10. #10 revere
    April 23, 2007

    Tom: It is a debilitating agent. Incubation period is a week or more but that’s still useful for military use (few bioweapons act quickly). It is infectious but not very contagious (person to person spread rare). It can be nasty to treat. Follow the link in the post for more info.

  11. #11 Darin
    April 23, 2007

    There’s a really good book called Lab 257 (available at amazon and other major stores). It’s a non-fiction history/expose about Plum Island off NYC – one of the oldest and geographically relevant germ warfare/research labs. The author is a local so his sense of fear and shock comes through in the writing. Other than that, many years of old fashioned interviews, FOIA (freedom of info act), tours of the lab and other good stuff. The author draws on the overall history of the relationship between the government, science, and the USDA too.

  12. #12 marquer
    April 23, 2007

    And then there was the uh-oh moment for the Soviets in 1979 at Sverdlovsk. Which was due to yet another one of those simple stupid procedural mistakes: someone screwed up the filter maintenance.

    It needs to be tattooed on the inside of people’s eyelids, in fluorescent ink, that there is no such thing as routine error when doing something so non-routine as working with ultrapathogens.

    We should, I suppose, count ourselves lucky that the only thing which got out of the lab in ’79 was anthrax, and that there were only a few dozen localized fatalities. Given some of the other stuff that the USSR had been working on (variola among them) there would have been some nightmare scenarios.

    My favorite: given how internally compartmentalized their system was, a pandemic on Soviet soil from an indigenous bioweapon might not have been recognized as an own-goal, but rather as a stealth attack. And another sector of the Red military machine might have then cranked up for a thermonuclear response against the West.

    I hear the occasional plaint, from people frustrated with the nebulous adversaries of the 21st century, that they “miss the Cold War”. I am not among them.

    Given the choice between an elusive but not very capable enemy whose weapons are pretty much small arms and time bombs, and a well defined, easily located enemy with the capacity to literally end the world if provoked, I’ll take the former every time.

  13. #13 Sam Wise
    April 23, 2007

    Let me add one small point to the excellent items brought up so far:

    There is no such thing as a “foolproof” system.

    The main problem with any “foolproof” system is that it generally isn’t improved upon. Meanwhile, over time, nature finds ways to make better & better fools…

  14. #14 M.Randolph Kruger
    April 24, 2007

    Not an accident, a lab in the local area…. I had to ship some post 911 out of here. It came in two portable fridgies, both battery powered. I didnt even know it by that name but something on the side of the fridge had a name on it “Variola”. I remember reading something with that name in it so I went and checked the haz guide and you could have pushed me over with a puff of wind. Wouldnt have needed to, I almost passed out from the lack of oxygen and that hot, oh, you aint going to believe this. I had to go to immediate assumption of infection protocol and call the feds and airport police. It was okay, but this is known in the military as not getting the word. They were supposed to have arranged security and the usual blah-blah but I was as nervous as a cat walking on a 220 line.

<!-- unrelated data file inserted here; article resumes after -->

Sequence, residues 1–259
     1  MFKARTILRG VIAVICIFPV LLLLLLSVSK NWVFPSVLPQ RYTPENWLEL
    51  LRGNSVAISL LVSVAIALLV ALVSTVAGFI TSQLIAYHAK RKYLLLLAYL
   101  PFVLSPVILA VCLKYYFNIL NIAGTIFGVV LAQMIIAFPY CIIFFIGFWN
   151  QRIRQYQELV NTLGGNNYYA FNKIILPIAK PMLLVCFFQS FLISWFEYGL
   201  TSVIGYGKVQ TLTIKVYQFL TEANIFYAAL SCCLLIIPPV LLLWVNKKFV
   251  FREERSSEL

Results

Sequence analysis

This moved the week post of 911 when all flights were grounded. Not even the forwarder involved knew about it and it had been touted as a “medical” shipment. Very nice and I wonder what they would have called explosives if that was a medical shipment. By the time it was all over I had faxes and emails from the DOT and DOD that it was okay to move it without paperwork all signed by undersecretaries and the like.

    The forwarder went ballistic on them. I wonder why? Demon in the freezer.

  15. #15 caia
    April 24, 2007

    Supervising was David McMurray, an A&M professor and self-described inventor of the chamber, who has characterized it as “foolproof”.

    This fellow looks untrustworthy twice in this sentence: one, he said it was foolproof; and two, if he invented it, why isn’t it called a McMurray Chamber? (A suspicion furthered by the “self-described” journalistic disclaimer.) He comes off as a fool blinded by ego.

    And exactly, Sam, as Douglas Adams said, the thing about idiot-proof systems is that nature will invent a better idiot.

  16. #16 albatross
    April 26, 2007

    Systems marketed as foolproof are inevitably sold with the justification that all those other expensive procedures you use to avoid disaster can now be dispensed with. Sort of risk-balancing, for an institution instead of an individual, and with marketing droids and management weenies making the balancing decisions.